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Panel issues new guidelines on prostate cancer diagnosis

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February 21, 2000
Web posted at: 8:58 p.m. EST (0158 GMT)

BALTIMORE (CNN) -- A medical panel led by urological experts has issued new recommendations to help physicians confirm the diagnosis of prostate cancer.

The policy report issued by the American Urological Association (AUA) outlines when physicians should consider a biopsy after initial cancer screening tests are suspicious.

It said a biopsy should be considered for patients when:

• A prostate specific antigen (PSA) test is at "4" or above.

• The PSA level of a patient significantly increases from one test to the next.

• A digital rectal exam is abnormal.

The Prostate Specific Antigen (PSA) test is a blood test -- developed in the mid-1980s -- used for early detection of prostate cancer.

  DOCTOR Q&A:
Read what doctors say about the symptoms of prostate cancer or ask your own questions.
 PROSTATE CANCER:
  • description
  • risk
  • symptoms
  • treatment
  • prevention
    Source: WebMD
  •  

    The report found the PSA test detects more prostate cancers than digital rectal exams, and it detects them earlier.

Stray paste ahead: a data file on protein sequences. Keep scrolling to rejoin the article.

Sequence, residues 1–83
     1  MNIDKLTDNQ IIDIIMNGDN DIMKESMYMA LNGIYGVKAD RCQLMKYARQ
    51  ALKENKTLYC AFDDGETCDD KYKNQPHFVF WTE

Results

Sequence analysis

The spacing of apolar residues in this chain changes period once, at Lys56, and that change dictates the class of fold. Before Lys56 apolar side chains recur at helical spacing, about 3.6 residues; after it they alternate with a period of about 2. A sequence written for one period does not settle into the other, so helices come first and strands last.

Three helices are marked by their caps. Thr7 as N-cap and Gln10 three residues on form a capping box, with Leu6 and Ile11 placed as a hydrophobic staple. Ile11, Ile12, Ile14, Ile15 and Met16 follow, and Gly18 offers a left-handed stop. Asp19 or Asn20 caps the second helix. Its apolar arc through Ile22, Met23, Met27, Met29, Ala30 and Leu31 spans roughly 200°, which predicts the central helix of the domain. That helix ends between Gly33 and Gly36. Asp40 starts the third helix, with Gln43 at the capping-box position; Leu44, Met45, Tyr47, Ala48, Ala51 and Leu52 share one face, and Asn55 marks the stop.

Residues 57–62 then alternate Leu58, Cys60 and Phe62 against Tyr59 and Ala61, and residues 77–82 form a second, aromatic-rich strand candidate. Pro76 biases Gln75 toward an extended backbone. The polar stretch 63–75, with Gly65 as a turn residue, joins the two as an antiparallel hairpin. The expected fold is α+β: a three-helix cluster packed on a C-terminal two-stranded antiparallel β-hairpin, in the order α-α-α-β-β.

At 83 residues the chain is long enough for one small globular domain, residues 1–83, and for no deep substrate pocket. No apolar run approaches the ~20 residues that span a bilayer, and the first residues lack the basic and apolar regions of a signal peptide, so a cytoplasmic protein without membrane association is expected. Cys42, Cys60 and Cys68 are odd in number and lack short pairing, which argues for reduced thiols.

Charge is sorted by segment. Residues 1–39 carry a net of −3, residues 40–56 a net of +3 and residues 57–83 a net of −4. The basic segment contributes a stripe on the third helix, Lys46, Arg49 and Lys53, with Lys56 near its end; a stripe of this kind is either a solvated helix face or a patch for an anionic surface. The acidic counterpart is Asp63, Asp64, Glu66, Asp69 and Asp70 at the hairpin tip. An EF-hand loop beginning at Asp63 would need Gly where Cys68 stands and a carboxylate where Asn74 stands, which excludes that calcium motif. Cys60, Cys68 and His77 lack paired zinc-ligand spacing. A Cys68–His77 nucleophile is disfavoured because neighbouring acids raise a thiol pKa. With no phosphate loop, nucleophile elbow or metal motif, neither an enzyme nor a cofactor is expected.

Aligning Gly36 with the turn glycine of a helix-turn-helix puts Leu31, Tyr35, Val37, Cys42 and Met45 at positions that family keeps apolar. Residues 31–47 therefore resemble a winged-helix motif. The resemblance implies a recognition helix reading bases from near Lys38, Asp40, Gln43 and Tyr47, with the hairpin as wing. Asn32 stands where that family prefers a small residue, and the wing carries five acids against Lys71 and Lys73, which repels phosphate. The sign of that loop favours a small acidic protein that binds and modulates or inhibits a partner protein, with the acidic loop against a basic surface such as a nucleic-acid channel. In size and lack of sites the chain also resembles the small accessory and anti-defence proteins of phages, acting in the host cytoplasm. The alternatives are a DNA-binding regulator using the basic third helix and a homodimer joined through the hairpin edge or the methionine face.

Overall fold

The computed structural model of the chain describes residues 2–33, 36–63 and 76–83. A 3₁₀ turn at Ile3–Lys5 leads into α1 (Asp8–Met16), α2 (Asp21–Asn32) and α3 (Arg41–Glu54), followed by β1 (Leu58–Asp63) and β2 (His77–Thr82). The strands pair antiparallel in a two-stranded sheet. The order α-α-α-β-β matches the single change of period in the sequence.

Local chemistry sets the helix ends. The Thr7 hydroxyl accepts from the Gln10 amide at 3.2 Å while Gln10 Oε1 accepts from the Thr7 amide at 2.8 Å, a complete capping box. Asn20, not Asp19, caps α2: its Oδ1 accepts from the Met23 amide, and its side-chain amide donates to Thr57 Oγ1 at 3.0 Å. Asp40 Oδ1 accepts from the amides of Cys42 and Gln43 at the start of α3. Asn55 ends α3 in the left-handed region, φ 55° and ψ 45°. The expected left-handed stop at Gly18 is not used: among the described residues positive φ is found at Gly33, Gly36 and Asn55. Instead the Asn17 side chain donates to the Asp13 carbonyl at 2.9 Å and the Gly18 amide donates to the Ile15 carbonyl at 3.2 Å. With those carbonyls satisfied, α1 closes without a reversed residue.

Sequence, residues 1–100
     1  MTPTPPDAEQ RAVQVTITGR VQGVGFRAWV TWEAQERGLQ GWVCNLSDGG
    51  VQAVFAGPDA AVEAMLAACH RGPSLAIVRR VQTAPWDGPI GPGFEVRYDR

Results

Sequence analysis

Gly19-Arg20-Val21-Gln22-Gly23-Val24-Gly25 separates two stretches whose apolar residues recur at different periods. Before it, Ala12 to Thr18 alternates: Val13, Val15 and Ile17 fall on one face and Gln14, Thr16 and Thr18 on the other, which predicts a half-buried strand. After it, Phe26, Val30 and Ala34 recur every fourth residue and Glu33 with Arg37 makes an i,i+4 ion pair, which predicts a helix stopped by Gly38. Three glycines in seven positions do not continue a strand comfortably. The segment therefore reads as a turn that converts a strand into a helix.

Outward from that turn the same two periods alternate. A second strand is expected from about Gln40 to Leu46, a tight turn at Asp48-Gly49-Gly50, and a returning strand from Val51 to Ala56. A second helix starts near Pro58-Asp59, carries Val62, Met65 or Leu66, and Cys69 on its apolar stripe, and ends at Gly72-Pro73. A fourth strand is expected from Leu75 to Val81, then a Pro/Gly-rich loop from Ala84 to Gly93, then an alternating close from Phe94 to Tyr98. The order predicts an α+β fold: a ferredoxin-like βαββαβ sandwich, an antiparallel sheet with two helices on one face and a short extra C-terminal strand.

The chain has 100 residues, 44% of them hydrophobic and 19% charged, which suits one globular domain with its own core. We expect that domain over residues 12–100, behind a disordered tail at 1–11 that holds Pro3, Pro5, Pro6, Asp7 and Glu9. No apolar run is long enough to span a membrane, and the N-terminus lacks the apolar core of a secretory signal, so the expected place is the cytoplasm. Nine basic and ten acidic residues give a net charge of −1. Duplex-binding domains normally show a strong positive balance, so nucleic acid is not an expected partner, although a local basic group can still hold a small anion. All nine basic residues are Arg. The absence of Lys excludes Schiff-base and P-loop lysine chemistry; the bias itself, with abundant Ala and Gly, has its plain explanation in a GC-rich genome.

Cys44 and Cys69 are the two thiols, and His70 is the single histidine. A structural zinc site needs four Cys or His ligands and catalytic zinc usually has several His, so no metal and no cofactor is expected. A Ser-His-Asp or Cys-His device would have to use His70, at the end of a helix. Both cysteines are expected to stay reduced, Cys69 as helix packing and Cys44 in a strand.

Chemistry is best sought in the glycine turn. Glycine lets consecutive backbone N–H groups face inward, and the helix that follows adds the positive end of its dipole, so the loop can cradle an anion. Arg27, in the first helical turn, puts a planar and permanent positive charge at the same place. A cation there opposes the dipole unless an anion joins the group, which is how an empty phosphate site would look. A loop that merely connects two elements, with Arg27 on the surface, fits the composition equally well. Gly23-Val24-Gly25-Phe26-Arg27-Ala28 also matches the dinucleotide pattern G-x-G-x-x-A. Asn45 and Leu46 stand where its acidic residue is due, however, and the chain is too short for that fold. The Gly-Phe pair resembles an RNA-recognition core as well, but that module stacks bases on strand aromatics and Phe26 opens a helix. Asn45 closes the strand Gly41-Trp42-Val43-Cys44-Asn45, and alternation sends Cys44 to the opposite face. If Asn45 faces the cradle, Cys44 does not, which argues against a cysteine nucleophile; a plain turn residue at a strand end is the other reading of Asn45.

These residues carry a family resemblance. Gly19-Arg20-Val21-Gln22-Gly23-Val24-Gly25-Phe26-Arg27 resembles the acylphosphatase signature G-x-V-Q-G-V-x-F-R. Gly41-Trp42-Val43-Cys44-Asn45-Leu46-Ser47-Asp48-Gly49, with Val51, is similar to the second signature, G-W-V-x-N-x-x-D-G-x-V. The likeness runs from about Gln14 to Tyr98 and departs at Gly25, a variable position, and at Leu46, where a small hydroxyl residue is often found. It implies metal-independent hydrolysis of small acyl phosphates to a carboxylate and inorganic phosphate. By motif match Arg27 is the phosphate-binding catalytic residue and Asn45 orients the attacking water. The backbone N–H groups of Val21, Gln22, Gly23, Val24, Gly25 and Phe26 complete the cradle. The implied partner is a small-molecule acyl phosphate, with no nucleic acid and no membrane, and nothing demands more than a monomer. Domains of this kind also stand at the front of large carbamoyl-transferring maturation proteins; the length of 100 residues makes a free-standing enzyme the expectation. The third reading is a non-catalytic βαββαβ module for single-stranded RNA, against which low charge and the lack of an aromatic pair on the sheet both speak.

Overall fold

But the panel said the two screening procedures should be done in conjunction with one another.

    There are an estimated 179,300 new cases of prostate cancer diagnosed in the United States each year, according to the American Cancer Society, and about 37,000 men die each year from the disease.

    According to the AUA, about 75 percent of prostate cancers currently detected are associated with an abnormal PSA. However, the group said PSA tests also can detect non-significant tumors.

    The group issued its "Best Practice Policy" after checking peer-reviewed medical data examining the role of the PSA test.

    The policy report is being published in the February issue of the journal Oncology. The report recommends that physicians discuss PSA testing with the patient.

    The AUA policy addresses the use of PSA to detect the recurrence of prostate cancer.

    It recommends that all men who have at least a 10-year life expectancy be offered routine PSA testing at age 50. Men at higher risk of developing prostate cancer, including blacks and those with a family history of the disease, should be offered testing at an earlier age.

    The AUA is an educational, nonprofit organization for urologists with more than 12,000 members worldwide.



    RELATED STORIES:
    High-volume hospitals called better for prostate care
    November 17, 1999
    Chat transcript: Correspondent Dan Rutz after prostate cancer conference
    July 13, 1999
    Torre's doctor: Early detection key to prostate cancer survival
    March 18, 1999

    RELATED SITES:
    AUA - The American Urological Association, Inc.
    Mayo Clinic's Prostate Page
    American Cancer Society
    National Cancer Institute Homepage


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